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David Graeber:

"In the ancient world, free citizens didn’t usually pay taxes. Generally speaking, tribute was levied only on conquered populations. This was already true in ancient Mesopotamia, where the inhabitants of independent cities did not usually have to pay direct taxes at all. Similarly, as Moses Finley put it, “Classical Greeks looked upon direct taxes as tyrannical and avoided them whenever possible.50 Athenian citizens did not pay direct taxes of any sort; though the city did sometimes distribute money to its citizens, a kind of reverse taxation—sometimes directly, as with the proceeds of the Laurium silver mines, and sometimes indirectly, as through generous fees for jury duty or attending the assembly. Subject cities, however, did have to pay tribute. Even within the Persian Empire, Persians did not have to pay tribute to the Great King, but the inhabitants of conquered provinces did. The same was true in Rome, where for a very long time, Roman citizens not only paid no taxes but had a right to a share of the tribute levied on others, in the form of the dole—the “bread” part of the famous “bread and circuses.”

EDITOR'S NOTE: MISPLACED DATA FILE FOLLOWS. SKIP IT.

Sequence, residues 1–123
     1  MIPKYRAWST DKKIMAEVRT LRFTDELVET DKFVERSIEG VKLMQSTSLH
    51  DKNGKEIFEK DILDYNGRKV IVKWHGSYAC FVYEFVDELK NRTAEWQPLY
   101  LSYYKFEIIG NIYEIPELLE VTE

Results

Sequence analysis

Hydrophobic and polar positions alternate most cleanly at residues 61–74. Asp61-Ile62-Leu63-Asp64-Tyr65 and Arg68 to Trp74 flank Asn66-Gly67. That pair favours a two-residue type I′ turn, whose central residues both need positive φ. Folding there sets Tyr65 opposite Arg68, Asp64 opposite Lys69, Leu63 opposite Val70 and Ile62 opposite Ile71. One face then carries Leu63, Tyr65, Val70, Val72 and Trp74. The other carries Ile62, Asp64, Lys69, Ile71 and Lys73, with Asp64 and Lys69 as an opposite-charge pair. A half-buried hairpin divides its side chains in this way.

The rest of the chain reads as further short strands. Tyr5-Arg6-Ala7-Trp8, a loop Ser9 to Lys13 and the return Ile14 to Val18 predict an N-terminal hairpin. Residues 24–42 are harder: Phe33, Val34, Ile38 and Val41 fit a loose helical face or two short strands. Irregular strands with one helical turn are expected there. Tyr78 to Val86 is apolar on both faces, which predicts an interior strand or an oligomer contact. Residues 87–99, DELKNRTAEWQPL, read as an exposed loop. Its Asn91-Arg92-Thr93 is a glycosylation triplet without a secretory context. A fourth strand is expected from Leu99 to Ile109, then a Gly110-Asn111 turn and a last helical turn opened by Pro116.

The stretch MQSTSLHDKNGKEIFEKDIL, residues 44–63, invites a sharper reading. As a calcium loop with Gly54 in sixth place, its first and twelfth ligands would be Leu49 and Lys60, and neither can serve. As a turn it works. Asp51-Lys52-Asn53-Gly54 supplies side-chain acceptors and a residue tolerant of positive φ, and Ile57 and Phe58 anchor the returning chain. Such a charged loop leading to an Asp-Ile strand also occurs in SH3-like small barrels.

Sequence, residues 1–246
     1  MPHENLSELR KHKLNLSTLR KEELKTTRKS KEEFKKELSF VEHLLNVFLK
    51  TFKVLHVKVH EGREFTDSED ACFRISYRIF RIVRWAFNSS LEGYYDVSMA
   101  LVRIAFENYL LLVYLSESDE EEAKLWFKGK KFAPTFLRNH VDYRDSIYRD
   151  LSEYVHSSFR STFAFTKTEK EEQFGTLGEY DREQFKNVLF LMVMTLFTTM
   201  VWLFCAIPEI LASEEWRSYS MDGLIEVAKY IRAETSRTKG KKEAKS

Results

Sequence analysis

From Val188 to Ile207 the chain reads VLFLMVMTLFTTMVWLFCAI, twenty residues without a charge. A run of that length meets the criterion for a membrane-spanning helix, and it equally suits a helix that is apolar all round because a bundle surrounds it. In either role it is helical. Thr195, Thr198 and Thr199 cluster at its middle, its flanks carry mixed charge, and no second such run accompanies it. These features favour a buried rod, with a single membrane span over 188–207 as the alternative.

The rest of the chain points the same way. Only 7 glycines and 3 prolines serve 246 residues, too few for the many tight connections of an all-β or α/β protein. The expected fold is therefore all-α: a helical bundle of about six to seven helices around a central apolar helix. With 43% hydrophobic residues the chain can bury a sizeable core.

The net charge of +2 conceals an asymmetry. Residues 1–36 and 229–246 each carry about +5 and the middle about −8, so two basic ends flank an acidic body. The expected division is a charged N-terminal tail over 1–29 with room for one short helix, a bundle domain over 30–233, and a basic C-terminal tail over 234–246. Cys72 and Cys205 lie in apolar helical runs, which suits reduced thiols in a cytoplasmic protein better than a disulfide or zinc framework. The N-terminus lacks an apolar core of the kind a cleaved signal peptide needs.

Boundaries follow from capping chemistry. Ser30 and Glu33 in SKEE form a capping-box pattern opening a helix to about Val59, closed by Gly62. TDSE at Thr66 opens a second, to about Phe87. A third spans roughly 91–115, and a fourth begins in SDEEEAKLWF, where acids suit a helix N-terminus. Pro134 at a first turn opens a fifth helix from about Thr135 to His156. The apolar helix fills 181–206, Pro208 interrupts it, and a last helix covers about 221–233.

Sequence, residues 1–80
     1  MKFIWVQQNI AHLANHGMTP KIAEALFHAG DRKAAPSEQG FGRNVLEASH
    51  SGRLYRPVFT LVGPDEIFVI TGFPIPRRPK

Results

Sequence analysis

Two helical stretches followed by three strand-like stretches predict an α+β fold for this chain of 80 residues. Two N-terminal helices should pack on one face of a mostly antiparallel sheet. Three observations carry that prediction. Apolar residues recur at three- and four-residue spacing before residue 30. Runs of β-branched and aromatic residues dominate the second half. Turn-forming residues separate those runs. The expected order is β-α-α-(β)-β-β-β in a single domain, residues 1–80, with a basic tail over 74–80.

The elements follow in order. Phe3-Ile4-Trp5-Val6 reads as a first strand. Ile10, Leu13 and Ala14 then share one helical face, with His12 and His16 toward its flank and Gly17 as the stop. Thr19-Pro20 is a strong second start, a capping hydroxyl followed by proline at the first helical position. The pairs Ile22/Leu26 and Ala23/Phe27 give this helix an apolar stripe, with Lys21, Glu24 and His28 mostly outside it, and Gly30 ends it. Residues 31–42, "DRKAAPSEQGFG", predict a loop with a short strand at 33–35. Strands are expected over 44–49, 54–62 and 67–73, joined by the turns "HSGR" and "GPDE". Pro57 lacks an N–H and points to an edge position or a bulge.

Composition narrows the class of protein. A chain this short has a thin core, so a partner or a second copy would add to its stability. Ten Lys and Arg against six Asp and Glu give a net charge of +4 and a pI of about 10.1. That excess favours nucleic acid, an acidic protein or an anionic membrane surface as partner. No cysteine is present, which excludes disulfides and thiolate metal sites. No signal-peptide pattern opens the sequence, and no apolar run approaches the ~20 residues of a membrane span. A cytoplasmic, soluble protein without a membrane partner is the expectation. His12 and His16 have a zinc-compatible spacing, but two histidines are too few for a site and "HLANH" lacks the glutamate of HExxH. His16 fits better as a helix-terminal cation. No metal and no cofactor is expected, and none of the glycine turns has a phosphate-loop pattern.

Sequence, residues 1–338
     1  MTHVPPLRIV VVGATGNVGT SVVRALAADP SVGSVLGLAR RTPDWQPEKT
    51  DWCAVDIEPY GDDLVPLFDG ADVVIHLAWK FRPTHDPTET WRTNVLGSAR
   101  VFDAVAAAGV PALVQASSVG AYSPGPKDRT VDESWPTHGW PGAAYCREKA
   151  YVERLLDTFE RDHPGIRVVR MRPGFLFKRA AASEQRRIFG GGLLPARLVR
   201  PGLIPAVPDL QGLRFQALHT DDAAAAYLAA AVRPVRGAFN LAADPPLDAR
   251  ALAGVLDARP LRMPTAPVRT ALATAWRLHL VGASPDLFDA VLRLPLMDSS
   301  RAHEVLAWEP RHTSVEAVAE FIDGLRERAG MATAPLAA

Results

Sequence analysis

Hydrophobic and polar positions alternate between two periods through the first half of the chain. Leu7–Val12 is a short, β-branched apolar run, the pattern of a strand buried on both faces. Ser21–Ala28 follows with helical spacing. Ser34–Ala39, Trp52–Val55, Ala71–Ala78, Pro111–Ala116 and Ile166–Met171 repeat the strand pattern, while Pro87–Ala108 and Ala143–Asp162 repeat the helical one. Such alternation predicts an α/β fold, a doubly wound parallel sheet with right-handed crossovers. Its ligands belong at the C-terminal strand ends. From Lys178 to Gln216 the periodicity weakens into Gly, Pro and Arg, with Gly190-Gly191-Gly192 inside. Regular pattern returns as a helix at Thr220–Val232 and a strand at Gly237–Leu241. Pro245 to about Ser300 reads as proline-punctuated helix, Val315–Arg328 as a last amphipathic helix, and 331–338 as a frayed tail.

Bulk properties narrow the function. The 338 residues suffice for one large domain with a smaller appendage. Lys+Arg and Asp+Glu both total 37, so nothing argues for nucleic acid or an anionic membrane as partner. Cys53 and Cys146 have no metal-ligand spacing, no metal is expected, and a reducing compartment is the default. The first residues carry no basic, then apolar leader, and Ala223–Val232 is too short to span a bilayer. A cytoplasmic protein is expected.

Source: First Five Thousand Years of Debt